In hindsight, Virginia was a testing ground and a grim portent of the Jan. 6 insurrection.
On the Martin Luther King Jr. holiday in January 2020, theologian Corey D.B. Walker, then a visiting professor at the University of Richmond, was among a group holding a prayer vigil as thousands of firearm-toting folks occupied downtown Richmond during a gun rights rally.
Walker sees a through line from the 2017 white supremacist rally in Charlottesville to the Second Amendment gathering in Richmond to the U.S. Capitol riot. The Richmond gun rally turned out to be a peaceful event, though law enforcement had feared the worst — including the storming of the Virginia Capitol.
“That didn’t portend anything good for what would happen January 6, 2021,” said Walker, now the Wake Forest (University) Professor of the Humanities, in an interview on Tuesday. Whether democracy survives that trauma is “an open question we have to wrestle with.
“Democracy is a practice, it is not a declaration. It is not the finished product. It is an ongoing practice,” he said. And if we don’t cultivate it, we could lose the American Experiment.
That loss would not be mourned by a chunk of the nation and one political party. Republican congresspersons — some suspected of being collaborators — are engaged in the cover-up of a crime. And yet, the lingering horrors of a year ago Thursday appear largely unshared — at least to the extent they’d foster unity, vigilance and a sense of urgency.
“I’m concerned that we don’t understand the full depth and range of the problems and challenges we face as a society,” Walker said. “I think we see this as merely cosmetic and not structural and foundational. But you don’t get a coup attempt unless there’s something deeply, deeply wrong in the nation.”
Anyone who has been paying attention knows America is beset with more than a potentially lethal virus as it battles a crisis of identity and values and wages war with itself.
There’s always been a strong minority, authoritarian element in American democracy, Walker said. The New Deal begat a right-wing conservatism headed by the business class; people rallied in New York in support of Hitler and fascism. The Cold War after World War II sparked McCarthyism. And always, Black freedom and advancement inevitably kindled white backlash.
What’s different now, Walker said, is that one political party is openly authoritarian and courts violent extremists to attain or maintain power. “That’s the danger. That is really what we’re facing in this moment.”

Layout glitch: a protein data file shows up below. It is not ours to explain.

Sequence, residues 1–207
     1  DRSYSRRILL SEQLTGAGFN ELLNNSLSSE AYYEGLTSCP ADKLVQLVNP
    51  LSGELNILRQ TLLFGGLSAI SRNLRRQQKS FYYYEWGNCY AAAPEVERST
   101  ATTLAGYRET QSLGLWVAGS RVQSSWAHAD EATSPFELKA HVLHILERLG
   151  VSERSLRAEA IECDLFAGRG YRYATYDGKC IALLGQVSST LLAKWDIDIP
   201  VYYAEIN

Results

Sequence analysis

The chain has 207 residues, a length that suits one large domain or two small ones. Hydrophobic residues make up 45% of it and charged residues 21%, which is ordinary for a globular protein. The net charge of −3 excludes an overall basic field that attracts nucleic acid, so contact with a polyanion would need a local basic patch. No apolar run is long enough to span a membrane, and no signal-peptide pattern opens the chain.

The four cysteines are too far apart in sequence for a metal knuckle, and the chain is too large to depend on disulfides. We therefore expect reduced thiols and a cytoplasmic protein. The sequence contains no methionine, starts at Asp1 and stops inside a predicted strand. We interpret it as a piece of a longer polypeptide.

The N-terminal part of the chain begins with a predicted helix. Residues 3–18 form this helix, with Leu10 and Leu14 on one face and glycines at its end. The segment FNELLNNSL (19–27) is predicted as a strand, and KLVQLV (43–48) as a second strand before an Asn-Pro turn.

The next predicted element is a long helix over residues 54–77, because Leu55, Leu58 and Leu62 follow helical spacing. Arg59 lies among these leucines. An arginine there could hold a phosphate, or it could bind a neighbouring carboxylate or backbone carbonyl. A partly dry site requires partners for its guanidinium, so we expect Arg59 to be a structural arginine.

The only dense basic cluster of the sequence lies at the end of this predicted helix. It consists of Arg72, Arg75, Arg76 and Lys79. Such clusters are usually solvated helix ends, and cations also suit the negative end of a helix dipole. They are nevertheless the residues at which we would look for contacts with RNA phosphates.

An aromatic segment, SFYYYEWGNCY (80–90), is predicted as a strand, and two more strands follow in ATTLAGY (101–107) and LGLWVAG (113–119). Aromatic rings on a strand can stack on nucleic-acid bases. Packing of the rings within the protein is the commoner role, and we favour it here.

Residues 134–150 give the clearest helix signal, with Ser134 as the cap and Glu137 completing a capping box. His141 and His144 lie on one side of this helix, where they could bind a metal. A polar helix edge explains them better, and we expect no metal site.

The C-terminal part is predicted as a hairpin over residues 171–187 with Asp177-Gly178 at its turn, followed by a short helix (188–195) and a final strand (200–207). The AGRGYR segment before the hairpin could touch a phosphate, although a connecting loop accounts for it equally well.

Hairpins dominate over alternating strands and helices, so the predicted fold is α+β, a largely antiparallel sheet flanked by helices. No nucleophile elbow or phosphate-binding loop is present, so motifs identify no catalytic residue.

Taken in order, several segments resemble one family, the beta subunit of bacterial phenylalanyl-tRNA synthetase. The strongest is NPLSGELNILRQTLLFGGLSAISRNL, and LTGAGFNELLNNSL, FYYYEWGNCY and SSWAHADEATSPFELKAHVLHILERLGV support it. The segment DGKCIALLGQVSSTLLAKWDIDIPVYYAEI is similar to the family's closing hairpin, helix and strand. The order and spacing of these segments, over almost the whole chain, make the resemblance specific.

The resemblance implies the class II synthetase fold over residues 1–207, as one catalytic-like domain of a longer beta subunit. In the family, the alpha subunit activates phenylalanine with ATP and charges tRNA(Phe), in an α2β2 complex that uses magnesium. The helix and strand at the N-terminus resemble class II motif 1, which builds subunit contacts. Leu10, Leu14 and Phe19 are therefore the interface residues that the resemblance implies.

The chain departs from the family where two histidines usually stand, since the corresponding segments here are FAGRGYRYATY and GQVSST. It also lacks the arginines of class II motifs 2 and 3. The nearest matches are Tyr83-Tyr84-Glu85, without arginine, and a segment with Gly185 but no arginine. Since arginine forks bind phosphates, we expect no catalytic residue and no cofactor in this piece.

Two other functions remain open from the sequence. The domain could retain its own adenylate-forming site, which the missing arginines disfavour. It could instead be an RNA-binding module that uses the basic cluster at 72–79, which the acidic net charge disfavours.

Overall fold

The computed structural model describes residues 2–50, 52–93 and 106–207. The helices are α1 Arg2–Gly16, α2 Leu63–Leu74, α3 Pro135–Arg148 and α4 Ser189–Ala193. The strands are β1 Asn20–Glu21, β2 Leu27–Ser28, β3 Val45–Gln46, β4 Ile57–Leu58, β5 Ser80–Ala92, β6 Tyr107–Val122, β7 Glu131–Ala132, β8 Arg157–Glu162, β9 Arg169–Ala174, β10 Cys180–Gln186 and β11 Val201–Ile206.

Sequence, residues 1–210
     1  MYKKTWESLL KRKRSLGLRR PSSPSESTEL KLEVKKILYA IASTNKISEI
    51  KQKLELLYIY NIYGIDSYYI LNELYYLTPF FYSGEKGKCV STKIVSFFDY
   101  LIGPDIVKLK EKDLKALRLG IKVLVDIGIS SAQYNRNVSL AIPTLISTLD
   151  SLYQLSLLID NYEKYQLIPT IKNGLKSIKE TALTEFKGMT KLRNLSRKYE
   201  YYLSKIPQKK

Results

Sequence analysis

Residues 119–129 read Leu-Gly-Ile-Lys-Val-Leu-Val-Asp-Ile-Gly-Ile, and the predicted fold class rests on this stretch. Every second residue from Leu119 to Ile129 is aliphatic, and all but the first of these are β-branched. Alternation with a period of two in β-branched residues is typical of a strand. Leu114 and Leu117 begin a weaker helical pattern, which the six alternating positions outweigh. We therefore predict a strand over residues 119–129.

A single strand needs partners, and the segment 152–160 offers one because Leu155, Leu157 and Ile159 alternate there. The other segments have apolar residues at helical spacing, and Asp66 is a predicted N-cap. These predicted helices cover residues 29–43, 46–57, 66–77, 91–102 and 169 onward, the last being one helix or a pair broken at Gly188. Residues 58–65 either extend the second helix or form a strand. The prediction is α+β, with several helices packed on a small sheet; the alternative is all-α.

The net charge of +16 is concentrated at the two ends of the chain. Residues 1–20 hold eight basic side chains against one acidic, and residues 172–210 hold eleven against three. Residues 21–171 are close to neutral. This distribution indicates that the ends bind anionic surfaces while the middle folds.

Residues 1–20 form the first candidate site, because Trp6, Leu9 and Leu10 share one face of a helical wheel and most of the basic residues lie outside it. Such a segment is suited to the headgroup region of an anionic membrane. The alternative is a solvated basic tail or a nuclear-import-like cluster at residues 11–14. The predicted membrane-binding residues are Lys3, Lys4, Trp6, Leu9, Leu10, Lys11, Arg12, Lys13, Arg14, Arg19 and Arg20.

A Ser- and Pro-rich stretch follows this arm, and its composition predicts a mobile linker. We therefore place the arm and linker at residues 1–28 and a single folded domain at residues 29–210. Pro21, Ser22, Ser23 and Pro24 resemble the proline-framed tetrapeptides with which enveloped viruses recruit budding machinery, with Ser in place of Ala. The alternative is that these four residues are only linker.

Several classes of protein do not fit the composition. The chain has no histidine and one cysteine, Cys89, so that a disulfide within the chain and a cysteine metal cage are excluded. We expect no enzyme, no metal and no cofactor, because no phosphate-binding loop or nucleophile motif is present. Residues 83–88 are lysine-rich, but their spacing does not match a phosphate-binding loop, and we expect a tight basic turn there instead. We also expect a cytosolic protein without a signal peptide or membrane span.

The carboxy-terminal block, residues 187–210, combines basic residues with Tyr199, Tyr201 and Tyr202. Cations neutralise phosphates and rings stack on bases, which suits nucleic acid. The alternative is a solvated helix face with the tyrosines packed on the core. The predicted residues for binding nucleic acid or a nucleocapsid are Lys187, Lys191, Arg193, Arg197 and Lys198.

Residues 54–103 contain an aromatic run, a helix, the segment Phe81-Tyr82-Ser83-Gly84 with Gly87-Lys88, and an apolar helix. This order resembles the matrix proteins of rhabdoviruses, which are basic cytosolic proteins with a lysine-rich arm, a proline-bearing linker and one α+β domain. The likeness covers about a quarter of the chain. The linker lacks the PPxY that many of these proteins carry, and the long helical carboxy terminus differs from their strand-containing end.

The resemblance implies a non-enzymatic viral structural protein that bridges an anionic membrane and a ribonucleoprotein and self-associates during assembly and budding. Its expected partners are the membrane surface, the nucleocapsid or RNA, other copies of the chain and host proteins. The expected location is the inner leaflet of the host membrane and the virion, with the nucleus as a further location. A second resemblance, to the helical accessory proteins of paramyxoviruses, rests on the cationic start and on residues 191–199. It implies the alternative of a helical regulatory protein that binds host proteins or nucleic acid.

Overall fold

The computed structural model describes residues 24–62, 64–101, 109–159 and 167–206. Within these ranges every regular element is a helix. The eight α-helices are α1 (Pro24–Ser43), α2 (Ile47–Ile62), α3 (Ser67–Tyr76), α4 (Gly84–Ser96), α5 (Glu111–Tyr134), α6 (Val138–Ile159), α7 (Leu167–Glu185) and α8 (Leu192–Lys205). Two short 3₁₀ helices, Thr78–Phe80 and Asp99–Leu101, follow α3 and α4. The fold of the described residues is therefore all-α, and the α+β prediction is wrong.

This might sound unfathomable to people who view politics through the haze of nostalgia. But, “democracy is always up for grabs. It is always contentious,” Walker said. “We tend to think of democracy as a finished product. But democracy is always a practice; it is always a process.”
We must demonstrate the capacity of democracy to work. But government has become populated by too many people who hate government, oddly, for what it can do for the masses. Our sense of collective possibility has been eroded by the politics of the individual, said Walker, former dean for the Samuel DeWitt Proctor School of Theology at Virginia Union University.
The truth is, our nation has seldom been all-in on democracy. Black men were not granted the right to vote until 1870; women of all races, not until 1920. It took the Voting Rights Act of 1965 to ensure ballot access for all.
The act was arrogantly gutted by a Supreme Court whose Chief Justice, John Roberts, blithely declared victory over racism. Since then, the Republican Party has chipped away at the ballot access of anyone it deems unsupportive. And since the defeat of Donald Trump, this tactic has evolved into the gaming of the election system by giving Republican-controlled legislatures undue power over election results.
“They hate our freedom” was the mantra back in 2001, when this nation was attacked from without. Our response went against what this nation professes to believe in as it expanded its surveillance of innocent Americans, endorsed torture and deployed falsehoods to justify an invasion of Iraq. On that front, the terrorists won.
Today, internal forces have distorted the meaning of freedom, patriotism and verifiable truth. Too many citizens have embraced the cause of sedition, stoked by Trump’s lie of a stolen election. For them and the lawmakers who would further their cause, that insurrection was not an end, but a beginning. They are intent on turning January 6 into the new Fourth of July. They must be stopped.
If you’re unwilling to safeguard the voting rights of your fellow citizens, toss out the fools in Congress aiding and abetting a coup, and fight to preserve our democracy, the insurrectionists win.